In her memoir, while discussing abortion, Sarah Palin claims that the "real extremism" on abortion comes from people "like Barack Obama, who opposed laws that would protect babies born alive after botched abortions" -- a reference to Obama's opposition to legislation that would have amended the Illinois Abortion Law of 1975. However, opponents of the legislation noted at the time that the Illinois criminal code already unequivocally prohibited killing children; and the Obama presidential campaign cited specific provisions of the Illinois Compiled Statutes in stating that the "born alive principle was already the law in Illinois."
Palin: Obama "opposed laws that would protect babies born alive after botched abortions"
From Page 278 of Palin's memoir, Going Rogue: An American Life, discussing her September 2008 interview with CBS' Katie Couric:
I answered again: I would personally counsel such a girl to choose life, despite these horrific circumstances, but I absolutely didn't think anyone should end up in jail for having an abortion. Katie included that but didn't include another important part of my answer: that we should support women in these difficult circumstances and give them the resources necessary to give their children life. And that the real extremism came from those who supported partial-birth abortion, those who didn't believe parents should have a say in whether their minor daughters underwent abortions, and those, like Barack Obama, who opposed laws that would protect babies born alive after botched abortions.
Palin during 2008 CBS interview: Obama believes "child being born alive" should "not receive medical help to save that child's life"
Palin: Obama would support measures under which "child being born alive" would not be allowed to "receive medical help to save that child's life." In the full interview, which CBS posted online, Palin states that Obama "would support measures that would actually allow in a botched abortion, late-term abortion, that child being born alive, to allow it to not receive medical help to save that child's life." From the interview:
PALIN: The extremism, to me, is those who would support partial-birth abortion. Those who would disallow parental consent when it comes to a minor child who would seek an abortion. I think parents should have a say in that. They should be a part of their child's health care there. And those who, like Barack Obama, would support measures that would actually allow in a botched abortion, late-term abortion, that child being born alive, to allow it to not receive medical help to save that child's life. That's extremism to me. That is so far on the left side of the political spectrum and public sentiment in this country. That's the extremism to me.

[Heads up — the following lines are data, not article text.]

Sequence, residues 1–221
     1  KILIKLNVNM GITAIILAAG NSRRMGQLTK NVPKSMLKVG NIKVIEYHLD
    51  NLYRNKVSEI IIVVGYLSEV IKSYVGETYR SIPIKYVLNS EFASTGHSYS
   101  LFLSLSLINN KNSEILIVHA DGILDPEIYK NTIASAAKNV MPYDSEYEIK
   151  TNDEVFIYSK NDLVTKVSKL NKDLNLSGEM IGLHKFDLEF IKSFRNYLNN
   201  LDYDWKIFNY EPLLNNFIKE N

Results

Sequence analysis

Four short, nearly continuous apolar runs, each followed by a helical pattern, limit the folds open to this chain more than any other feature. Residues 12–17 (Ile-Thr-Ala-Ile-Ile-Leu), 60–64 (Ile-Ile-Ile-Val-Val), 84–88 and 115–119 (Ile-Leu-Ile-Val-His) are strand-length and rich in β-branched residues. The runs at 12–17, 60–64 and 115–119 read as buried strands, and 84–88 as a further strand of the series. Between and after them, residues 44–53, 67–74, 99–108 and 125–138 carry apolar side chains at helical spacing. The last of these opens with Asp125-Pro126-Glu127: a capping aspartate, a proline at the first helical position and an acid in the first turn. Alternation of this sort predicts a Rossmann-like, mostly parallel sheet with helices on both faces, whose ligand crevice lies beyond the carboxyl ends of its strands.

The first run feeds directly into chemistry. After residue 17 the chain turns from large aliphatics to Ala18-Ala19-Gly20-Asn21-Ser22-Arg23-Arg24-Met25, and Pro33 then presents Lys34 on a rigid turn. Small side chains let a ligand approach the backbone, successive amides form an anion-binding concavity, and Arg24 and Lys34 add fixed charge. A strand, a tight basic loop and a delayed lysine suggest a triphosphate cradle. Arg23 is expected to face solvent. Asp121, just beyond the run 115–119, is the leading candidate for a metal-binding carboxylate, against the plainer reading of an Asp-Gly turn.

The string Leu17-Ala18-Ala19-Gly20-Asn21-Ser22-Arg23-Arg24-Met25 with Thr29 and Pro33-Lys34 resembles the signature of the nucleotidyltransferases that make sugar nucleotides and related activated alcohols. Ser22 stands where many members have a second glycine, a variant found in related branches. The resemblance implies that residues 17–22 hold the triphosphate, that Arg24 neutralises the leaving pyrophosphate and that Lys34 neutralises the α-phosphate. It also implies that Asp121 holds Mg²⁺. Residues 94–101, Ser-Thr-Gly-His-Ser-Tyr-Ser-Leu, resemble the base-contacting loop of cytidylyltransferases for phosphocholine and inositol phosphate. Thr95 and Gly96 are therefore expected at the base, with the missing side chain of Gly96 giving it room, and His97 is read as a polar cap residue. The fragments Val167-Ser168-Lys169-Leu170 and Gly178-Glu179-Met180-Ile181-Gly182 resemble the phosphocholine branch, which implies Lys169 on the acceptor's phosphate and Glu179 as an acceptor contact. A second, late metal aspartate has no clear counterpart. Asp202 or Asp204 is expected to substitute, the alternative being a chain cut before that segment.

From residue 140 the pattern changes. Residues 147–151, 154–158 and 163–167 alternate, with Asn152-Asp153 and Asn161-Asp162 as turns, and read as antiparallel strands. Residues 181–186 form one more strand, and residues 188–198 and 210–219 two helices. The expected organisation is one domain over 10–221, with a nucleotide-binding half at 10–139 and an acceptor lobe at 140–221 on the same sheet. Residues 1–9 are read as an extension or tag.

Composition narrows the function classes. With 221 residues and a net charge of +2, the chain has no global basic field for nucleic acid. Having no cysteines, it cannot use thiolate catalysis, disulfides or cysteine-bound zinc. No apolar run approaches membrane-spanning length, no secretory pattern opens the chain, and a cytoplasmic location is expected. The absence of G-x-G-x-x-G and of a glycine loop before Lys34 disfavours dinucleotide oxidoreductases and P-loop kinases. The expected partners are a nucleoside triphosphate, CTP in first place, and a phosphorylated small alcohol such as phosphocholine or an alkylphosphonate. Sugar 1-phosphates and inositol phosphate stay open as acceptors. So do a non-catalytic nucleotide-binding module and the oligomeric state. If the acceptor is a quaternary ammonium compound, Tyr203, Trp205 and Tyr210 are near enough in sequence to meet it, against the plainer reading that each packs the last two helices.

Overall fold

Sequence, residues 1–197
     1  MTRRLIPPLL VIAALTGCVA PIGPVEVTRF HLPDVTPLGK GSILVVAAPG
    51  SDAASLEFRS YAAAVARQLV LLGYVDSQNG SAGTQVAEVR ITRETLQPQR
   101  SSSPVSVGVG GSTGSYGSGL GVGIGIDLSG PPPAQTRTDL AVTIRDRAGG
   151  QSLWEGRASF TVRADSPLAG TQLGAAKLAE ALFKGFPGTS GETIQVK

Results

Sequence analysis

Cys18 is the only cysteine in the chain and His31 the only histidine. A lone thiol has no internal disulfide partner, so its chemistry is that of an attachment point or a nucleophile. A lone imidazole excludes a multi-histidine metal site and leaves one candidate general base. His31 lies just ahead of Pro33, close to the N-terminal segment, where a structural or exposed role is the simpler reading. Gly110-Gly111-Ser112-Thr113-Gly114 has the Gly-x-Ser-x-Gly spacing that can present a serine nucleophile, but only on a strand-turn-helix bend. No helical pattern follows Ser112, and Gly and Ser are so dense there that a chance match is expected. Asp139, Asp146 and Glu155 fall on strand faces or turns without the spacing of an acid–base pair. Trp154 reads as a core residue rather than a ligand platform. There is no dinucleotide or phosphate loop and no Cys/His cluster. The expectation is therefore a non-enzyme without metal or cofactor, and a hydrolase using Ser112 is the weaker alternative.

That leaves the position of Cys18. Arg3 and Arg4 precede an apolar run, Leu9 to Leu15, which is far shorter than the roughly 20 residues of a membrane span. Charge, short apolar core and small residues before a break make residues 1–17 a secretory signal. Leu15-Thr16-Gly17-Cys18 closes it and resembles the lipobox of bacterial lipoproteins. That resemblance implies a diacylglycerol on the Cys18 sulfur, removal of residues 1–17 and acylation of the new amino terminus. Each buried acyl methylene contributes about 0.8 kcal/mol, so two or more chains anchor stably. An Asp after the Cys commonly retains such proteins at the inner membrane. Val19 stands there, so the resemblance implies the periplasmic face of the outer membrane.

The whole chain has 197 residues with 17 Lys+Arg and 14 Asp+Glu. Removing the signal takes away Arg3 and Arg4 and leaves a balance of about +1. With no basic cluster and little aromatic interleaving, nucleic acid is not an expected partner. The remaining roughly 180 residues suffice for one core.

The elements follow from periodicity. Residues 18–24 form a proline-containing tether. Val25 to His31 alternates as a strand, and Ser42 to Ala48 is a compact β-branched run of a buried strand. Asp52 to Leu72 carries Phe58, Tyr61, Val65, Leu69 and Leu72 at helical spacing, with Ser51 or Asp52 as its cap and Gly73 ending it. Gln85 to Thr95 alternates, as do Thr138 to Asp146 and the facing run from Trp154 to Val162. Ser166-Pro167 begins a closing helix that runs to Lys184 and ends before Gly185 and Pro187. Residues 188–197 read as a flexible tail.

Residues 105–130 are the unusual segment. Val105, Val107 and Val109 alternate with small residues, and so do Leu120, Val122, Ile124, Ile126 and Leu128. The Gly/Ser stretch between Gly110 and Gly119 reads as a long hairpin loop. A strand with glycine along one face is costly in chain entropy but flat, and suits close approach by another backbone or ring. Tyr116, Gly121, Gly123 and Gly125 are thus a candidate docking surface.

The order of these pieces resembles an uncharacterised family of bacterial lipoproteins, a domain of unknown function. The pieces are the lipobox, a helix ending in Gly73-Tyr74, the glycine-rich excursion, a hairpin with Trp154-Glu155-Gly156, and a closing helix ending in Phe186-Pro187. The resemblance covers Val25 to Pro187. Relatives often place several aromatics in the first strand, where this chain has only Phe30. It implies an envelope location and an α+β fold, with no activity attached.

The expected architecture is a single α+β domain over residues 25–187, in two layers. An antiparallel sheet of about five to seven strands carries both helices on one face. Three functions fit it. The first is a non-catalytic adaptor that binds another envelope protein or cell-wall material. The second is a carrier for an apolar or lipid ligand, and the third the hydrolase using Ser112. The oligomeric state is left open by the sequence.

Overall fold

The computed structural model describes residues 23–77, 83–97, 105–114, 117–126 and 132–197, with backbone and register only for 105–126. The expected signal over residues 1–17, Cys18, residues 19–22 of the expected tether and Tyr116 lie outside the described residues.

Illinois criminal code unequivocally prohibited killing children
As Obama and other opponents noted, criminal code already prevented killing of children. In attacking Obama, Palin joined other conservatives in misleadingly referencing Obama's opposition in the Illinois legislature to legislation that amended the Illinois Abortion Law of 1975. Opponents of the bill noted that the legislation was unnecessary, as the Illinois criminal code unequivocally prohibits killing children, and said that the bill posed a threat to abortion rights. When tasked by the Illinois attorney general's office with investigating allegations that fetuses born alive at an Illinois hospital were abandoned without treatment -- the alleged incident that inspired the "Born Alive Act" -- the Illinois Department of Public Health reportedly said that it was unable to substantiate the allegations but said that if the allegations had proved true, the conduct alleged would have been a violation of existing Illinois law. The Obama presidential campaign subsequently cited specific provisions of the Illinois Compiled Statutes in stating that the "born alive principle was already the law in Illinois."
During 2008 campaign, Palin was criticized for "misleading," "unfair" attacks on Obama's vote
Time's Michael Scherer: Palin's "born alive" attacks "misleading." In an October 13, 2008, article for Time magazine, Michael Scherer wrote that Palin's attacks during the campaign were "misleading" and that "[s]tate law in Illinois, which Obama supported, has always protected the life of a child born alive after abortions, if doctors believed the child had a reasonable chance of survival":
Late last week, and with little fanfare, Palin began claiming at rallies and in a radio interview that Obama had once opposed providing medical care for certain newborn babies, who later died. Without any clear context, Palin's statements seemed to suggest that Obama supported a form of infanticide.
It is without dispute that Obama is pro-choice; he has a long record of opposing efforts that might limit legal access to abortion. To suggest, however, that Obama supported the death of children born alive after abortions is misleading. State law in Illinois, which Obama supported, has always protected the life of a child born alive after abortions, if doctors believed the child had a reasonable chance of survival.
Wash. Post "fact checker" Dobbs: "unfair to accuse Obama of supporting the withdrawal of medical treatment from babies." In an October 24, 2008, entry on The Washington Post's Fact Checker blog, Michael Dobbs asked, "Is it true that Obama was ever in favor of withholding medical treatment for babies born alive as a result of a botched abortion?" Dobbs concluded:
Reasonable people can differ on whether the 1975 Illinois state law needed to be strengthened, and the likely effect of the various "Born Alive" bills rejected by the Illinois legislature between 2001 and 2003. But it is unfair to accuse Obama of supporting the withdrawal of medical treatment from babies born as the result of a botched abortion. He has never adopted such an "extreme" position.